Catching up on everything that Cryo Chamber has released in recent years is on the verge of being impossible. Not only is the imprint incredibly prolific, being over eighty releases in since its inception in 2012, but its releases are almost universally very demanding of the listener. Label founder Simon Heath makes no compromises with his choice of artists and basically knows how he likes his dark ambient after thirteen years with his own project Atrium Carceri, meaning anything he throws his support behind is bound to be long, heavy, and polished to the bone. However, knowing protoU from her 2015 Earth Songs split with Dronny Darko, I was quite curious to hear a solo release, so I spun the record as soon as I could.
Lost Here does bring back a lot of memories from what I heard in my experience with the very deep and minimalist Earth Songs. From the opening moments, Lost Here nests its audience comfortably in its sound through massive, low rumbling bass. It moves majestically, and at its forefront are expanding airy ambient textures. Feeling almost as pleasant as warm tape hiss, Sasha Cats gives her music—usually perceived as cold and isolated—a very intimate touch for a change.
All of the pieces on Lost Here exceed five minutes in duration, so as one might expect, you’re in for a long journey in a slowly evolving sonic world. ProtoU’s soundscapes are vast and monumental; the tracks are tightly connected and explore their worlds at a pace that can only function if consumed in its entirety. Lost Here morphs without hesitation from subtly growing bass drones into quietly escalating mellow pads, and in between movements and textures, the careful listener will find distant field recordings of oceans and other atmospheric organic landscapes, as well as the slightest hint of a non-obtrusive human presence.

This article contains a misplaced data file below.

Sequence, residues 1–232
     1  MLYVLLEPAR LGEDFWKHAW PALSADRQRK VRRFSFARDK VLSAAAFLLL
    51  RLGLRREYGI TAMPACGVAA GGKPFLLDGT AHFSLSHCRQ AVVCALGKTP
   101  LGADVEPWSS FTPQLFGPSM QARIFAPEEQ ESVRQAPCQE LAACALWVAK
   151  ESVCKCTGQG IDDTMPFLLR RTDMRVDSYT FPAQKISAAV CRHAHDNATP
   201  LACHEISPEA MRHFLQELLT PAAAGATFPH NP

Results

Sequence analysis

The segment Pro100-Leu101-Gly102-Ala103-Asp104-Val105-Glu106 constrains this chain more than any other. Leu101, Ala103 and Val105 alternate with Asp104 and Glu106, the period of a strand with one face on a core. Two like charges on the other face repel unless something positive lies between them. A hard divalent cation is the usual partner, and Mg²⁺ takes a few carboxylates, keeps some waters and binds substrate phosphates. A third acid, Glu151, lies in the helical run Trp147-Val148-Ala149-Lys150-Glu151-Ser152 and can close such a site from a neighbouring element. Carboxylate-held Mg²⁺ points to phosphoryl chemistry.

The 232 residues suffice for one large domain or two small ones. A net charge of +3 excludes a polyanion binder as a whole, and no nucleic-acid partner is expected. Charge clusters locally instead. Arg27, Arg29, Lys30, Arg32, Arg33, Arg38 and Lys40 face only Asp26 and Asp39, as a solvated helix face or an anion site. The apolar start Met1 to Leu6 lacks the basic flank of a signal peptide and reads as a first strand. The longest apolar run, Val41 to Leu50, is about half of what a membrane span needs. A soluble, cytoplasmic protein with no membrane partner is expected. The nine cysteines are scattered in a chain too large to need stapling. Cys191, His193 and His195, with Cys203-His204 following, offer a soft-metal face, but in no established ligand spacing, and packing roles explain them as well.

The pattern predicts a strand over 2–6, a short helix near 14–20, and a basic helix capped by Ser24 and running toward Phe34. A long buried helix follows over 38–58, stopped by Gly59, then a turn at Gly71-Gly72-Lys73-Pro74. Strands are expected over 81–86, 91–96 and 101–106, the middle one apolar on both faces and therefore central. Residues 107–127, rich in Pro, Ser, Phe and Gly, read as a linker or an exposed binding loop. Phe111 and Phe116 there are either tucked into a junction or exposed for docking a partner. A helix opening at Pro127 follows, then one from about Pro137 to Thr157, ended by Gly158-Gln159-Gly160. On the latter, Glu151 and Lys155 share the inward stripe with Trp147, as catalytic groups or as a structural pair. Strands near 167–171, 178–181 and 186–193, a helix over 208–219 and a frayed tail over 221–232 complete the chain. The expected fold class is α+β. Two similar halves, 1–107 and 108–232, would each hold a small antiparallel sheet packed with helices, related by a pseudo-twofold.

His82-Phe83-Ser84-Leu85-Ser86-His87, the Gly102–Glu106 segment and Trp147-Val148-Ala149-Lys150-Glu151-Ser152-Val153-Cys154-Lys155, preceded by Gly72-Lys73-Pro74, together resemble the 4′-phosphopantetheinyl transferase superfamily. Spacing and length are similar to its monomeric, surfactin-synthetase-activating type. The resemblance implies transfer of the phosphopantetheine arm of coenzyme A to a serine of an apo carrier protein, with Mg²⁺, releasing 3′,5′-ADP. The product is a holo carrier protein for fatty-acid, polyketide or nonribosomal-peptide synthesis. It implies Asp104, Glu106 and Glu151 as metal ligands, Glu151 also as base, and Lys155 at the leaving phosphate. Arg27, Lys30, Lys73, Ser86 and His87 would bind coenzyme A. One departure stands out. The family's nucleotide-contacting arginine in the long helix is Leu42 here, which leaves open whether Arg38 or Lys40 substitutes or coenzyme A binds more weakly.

It is perhaps that final characteristic that is what I love most about this album, because Lost Here is certainly not going to be celebrated for reinventing the genre or pushing the envelope of experimental music. Rather, what Cats has managed to do with this debut full-length is craft a personal universe that is not plagued by darkness nor separated from reality, despite its concept dealing with dream worlds and visions beyond our most primal sensory experiences. The dark ambient genre is usually all about explaining or imagining the most abstract forms. That, however, can easily become too figurative to be sufficiently challenging for your imagination. Here, the music leaves a lot of space for its audience to breathe while managing to beautifully portray what it was meant to. Lost Here is not just the endless night sky that has absorbed so many dream-filled gazes over the millennia, but the soft ground that concretely supports the dreamer.
01) Lost Here
02) Static Memories
03) The Map
04) Unreal Symbols
05) The Sea